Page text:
How many apps do you have on your phone? I have 196. No, I don’t actually use all 196. But the 20 to 30 I consistently use made me think about the way many people use technology nowadays. One tool simply cannot solve all of our problems. For example, I use Facebook Messenger to chat with friends. Google helps me find information about literally anything. Twitter is the center of my L&D network. OpenTable helps me get a table for two on Saturday night. We have become familiar with working in a technology ecosystem in which we use specific tools to solve specific problems. From video mapping, to 3D printers to the simplest, everyday pieces of technology like smart phones and computers, there is something out there for everyone.
There is technology out there for everyone and everything.
The same multi-tool concept exists at work. Email. POS. CRM. LMS. HRIS. Portal. Chat. The list of platforms an employee uses to do their job can balloon into the dozens. But, while we live harmoniously with 200 smartphone apps, we often struggle to balance the technology ecosystem at work. Employees who have never taken an iPhone class now “require” workplace training to tell them which application to use to solve a problem and how to make it function. Complicated single sign-on setups and integrations are necessary to help employees move information within the organization, and this is usually still difficult to do without issue.
This may sound like an IT problem, but it’s also a vital consideration for L&D. Most (if not all) of these workplace tools support learning and performance in some way. For too long, the learning management system (LMS) has defined corporate training technology. As a result, L&D has limited its focus to courses and other resources that can be delivered and formally tracked in the enterprise LMS. Value has been defined by completions and catalog size. Many L&D pros now operate with a mentality that is the exact opposite of their real-world approach to technology. They’re looking for one platform to rule them all (+10 if you get the Lord of the Rings reference). Not only has traditional learning technology fallen well short of this objective, but I believe it’s simply unrealistic given the dynamic needs of the modern workplace.
How can L&D escape the limitations of the LMS and effectively leverage a multi-technology learning ecosystem? And how can this be done without a pile of resources, money and IT support? Here are a few practical suggestions based on my experience leading enterprise learning technology teams.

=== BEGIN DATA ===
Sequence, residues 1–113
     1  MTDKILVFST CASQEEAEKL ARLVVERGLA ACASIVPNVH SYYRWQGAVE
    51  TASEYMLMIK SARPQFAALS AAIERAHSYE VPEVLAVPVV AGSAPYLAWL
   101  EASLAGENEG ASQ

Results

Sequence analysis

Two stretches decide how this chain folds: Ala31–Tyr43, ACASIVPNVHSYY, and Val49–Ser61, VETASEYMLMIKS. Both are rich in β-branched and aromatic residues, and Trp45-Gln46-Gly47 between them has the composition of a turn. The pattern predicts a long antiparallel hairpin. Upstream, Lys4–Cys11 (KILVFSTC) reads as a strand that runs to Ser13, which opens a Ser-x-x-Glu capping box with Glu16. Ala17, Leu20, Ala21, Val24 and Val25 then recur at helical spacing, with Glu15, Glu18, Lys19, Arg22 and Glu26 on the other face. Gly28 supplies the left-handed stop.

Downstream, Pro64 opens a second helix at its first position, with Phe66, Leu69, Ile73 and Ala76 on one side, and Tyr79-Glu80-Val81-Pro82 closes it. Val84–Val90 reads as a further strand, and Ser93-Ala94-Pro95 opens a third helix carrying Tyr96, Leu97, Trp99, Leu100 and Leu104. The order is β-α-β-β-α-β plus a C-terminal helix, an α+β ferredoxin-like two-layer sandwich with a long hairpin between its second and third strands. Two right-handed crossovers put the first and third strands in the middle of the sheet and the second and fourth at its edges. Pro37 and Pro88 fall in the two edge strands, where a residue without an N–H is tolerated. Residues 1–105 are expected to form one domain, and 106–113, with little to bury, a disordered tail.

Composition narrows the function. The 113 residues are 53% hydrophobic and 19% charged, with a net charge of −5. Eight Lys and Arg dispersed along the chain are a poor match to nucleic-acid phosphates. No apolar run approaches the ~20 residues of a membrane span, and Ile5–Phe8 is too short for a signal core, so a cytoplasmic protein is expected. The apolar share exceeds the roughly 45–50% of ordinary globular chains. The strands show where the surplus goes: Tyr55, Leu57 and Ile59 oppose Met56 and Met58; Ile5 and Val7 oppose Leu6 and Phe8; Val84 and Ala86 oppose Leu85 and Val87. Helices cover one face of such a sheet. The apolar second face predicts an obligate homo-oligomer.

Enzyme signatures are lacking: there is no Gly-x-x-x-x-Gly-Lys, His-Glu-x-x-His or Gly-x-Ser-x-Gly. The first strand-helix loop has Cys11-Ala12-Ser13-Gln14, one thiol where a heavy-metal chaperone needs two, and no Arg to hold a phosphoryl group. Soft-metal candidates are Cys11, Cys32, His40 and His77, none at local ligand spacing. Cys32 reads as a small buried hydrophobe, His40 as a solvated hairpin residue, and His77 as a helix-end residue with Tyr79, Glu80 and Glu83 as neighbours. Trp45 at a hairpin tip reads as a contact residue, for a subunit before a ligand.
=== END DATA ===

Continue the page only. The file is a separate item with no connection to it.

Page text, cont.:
Start with the user experience
Let’s begin by looking at the day-to-day employee experience. How do we want to enable people to improve their performance, and how does technology play a role in these experiences? This starts with the resources employees use every day. No matter how many courses you have available online, the LMS is not typically a platform that requires daily or even weekly touches. Consider enterprise tools that reach all employees as well as function-specific technology.
- How do each of these tools already support learning in the context of work?
- How can you integrate learning and support resources into the existing ecosystem?
- How could you potentially improve their experience when using existing technology?
- How can you reduce the number of clicks or unique tools necessary to get something done?
- How can we make it easier for employees to understand the purpose of and access each tool?
For example, I recently partnered with a large US retailer to assess the way employees’ access on-the-job support resources. We literally timed employees as they went from their position in the store to the closest computer and navigated through the 10+ clicks needed to download and print a simple job aid. We then facilitated a relatively simple transition and moved the same information to a searchable knowledge repository within a platform they already had. Employees still had to make the trek back to the computer, but they could now find the same information in half the time with only 2 clicks. Rather than immediately hunting for new technology and attempting to introduce mobile devices, we found a simple but meaningful way to improve the employee experience as a first step.
Take a look around
In the retail example I just shared, we took advantage of existing technology. This has been a theme throughout my career, as I haven’t always been provided with the resources necessary to solve every timely problem we have uncovered as an L&D team. Sound familiar? When you work in a large organization, there’s always a chance that someone else has faced a similar problem and already taken steps to address it. So, before you begin exploring new tools, you should make the effort to assess your company’s complete existing toolset.
To take advantage of available technology, L&D teams must expand their focus to consider tools that support learning but are not labeled as such (aka non-LMS). For example, if you want to leverage video in your solutions, have you engaged your marketing team to find out how they are delivering video in their customer-facing initiatives? L&D must think creatively to provide an improved experience for employees regardless of the prescribed purpose of available technology. Using existing tools can also help you bypass piles of red tape and build your ecosystem more quickly.